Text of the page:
America's Sweethearts

on July 20, 2001 by Jon Alon Walz
The on-again, off-again relationship between America's favorite screen couple, Gwen Harrison (Catherine Zeta-Jones) and Eddie Thomas (John Cusack), has been stuck stubbornly in the off position ever since their real-life relationship soured and Eddie tried to run Gwen over with a motorcycle--through the window of a Chinese restaurant, no less.

But now, their film for the legendary, eccentric and reclusive director Hal Weidmann (wonderfully under-performed by Christopher Walken as a Stanley Kubrick-type) is close to finally being complete--although no one has actually seen it. Weidmann, who has holed himself up with his editing equipment in the cabin formerly inhabited by the Unabomber, refuses to relinquish the footage until he is satisfied with his masterpiece.

The flummoxed studio, meanwhile, desperate for a huge PR boost for the film, convinces press-junket guru Lee Phillips (Billy Crystal) to lure the acrimonious stars back together to promote the film. He succeeds in getting them to an isolated resort in the Nevada desert, where a cadre of ethically-challenged entertainment journalists are plied with fancy gifts and free liquor in the hopes that they will write nice things about a movie they may never actually get to see. But Eddie and Gwen provide enough fireworks to guarantee Phillips all the press he can handle and more.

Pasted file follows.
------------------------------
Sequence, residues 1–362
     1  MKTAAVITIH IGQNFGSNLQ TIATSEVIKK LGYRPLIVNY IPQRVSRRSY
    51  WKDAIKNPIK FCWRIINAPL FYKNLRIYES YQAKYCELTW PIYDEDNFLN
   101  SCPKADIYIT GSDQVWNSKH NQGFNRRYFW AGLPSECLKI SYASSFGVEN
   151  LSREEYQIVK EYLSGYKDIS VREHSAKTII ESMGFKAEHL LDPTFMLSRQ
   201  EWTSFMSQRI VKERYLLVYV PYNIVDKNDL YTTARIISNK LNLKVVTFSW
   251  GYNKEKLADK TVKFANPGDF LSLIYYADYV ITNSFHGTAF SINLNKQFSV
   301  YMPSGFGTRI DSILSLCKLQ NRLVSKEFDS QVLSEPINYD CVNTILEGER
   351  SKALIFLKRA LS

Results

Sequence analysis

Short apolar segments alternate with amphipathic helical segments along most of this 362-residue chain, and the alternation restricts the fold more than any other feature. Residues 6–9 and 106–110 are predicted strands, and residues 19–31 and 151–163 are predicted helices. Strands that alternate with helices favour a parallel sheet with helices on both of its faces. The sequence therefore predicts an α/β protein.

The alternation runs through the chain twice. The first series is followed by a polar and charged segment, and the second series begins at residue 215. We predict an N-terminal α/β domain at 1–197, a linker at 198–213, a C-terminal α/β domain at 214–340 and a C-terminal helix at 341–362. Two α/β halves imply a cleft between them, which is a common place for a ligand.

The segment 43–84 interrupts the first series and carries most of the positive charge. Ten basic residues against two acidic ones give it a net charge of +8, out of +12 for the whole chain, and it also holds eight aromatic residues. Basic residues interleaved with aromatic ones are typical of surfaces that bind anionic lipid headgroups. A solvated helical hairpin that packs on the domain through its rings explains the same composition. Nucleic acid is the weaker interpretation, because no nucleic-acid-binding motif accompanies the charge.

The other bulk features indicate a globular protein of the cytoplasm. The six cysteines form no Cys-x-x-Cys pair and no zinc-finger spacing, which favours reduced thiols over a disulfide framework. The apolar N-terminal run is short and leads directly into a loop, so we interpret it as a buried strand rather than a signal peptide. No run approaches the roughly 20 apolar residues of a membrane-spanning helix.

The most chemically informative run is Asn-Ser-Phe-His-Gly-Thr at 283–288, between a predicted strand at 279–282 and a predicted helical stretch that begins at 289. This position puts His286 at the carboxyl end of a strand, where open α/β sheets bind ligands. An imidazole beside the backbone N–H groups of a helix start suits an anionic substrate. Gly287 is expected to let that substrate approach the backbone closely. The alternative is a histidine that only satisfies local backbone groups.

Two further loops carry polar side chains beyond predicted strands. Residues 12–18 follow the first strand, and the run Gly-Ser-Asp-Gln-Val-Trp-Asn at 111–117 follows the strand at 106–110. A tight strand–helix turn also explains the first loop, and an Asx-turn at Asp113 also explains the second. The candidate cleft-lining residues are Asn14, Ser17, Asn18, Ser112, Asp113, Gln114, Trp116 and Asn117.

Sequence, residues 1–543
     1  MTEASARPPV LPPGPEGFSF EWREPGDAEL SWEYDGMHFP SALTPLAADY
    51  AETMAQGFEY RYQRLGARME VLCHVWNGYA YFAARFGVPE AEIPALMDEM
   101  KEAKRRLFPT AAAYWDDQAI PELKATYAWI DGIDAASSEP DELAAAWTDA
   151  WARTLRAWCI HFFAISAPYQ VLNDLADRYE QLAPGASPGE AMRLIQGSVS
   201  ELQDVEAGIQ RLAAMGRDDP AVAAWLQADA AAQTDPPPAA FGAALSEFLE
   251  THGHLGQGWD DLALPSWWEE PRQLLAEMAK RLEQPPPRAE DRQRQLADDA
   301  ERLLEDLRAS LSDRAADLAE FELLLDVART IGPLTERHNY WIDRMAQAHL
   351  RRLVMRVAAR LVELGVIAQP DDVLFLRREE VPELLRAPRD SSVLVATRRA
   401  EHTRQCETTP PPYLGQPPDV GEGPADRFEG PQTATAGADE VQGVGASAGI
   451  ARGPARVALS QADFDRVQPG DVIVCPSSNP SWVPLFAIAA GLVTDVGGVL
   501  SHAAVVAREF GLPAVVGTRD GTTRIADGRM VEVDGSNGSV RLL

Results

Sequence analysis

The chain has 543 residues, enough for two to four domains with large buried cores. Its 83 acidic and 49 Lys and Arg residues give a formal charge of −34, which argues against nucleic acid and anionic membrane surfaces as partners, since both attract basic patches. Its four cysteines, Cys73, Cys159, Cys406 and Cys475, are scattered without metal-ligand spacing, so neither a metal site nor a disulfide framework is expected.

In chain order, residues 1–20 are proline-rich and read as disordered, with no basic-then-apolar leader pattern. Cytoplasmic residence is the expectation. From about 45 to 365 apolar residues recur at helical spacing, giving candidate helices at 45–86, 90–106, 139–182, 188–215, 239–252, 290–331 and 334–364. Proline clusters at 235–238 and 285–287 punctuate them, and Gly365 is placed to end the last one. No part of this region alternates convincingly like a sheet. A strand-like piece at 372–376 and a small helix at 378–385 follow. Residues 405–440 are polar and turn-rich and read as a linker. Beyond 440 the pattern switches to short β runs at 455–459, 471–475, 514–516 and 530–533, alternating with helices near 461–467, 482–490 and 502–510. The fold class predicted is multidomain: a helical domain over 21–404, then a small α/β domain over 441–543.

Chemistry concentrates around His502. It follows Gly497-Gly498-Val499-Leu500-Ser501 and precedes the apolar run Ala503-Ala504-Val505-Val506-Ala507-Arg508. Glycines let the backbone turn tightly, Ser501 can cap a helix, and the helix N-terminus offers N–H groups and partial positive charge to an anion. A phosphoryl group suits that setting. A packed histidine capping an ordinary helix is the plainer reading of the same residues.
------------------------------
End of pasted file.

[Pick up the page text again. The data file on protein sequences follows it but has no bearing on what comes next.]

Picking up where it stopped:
Julia Roberts is charming as usual as Kiki Harrison, Gwen's sister and abused personal assistant. As an actress, she manages to transcend the flat look of the film and the parade of stars around her; as a character, she anchors the plot's soapy tone and inside-Hollywood banter with a desperate romanticism and steady confidence that is played nicely just under the madness of the rest of the film.

Sadly, Joe Roth, a former journeyman director who took the past decade off to run Fox and Disney, makes his helming return with bland, generic results. Save for a few crackling wisecracks from Billy Crystal, and some moments of delicious is-she-acting-or-is-it-real insanity from Catherine Zeta-Jones, the fine cast sleepwalks through this film. Even the usually energetic and fascinating John Cusack lumbers through the material cluelessly.

This is entertainment of the most innocuous and inconsequential sort--the kind that leaves you with the feeling you get right after eating a huge piece of cherry cheesecake on an empty stomach. Starring Julia Roberts, John Cusack, Catherine Zeta-Jones and Billy Crystal. Directed by Joe Roth. Written by Billy Crystal and Peter Tolan. Produced by Susan Arnold and Donna Arkoff Roth. A Columbia release. Comedy. Rated PG-13 for language, some crude and sexual humor. Running time: 102 min

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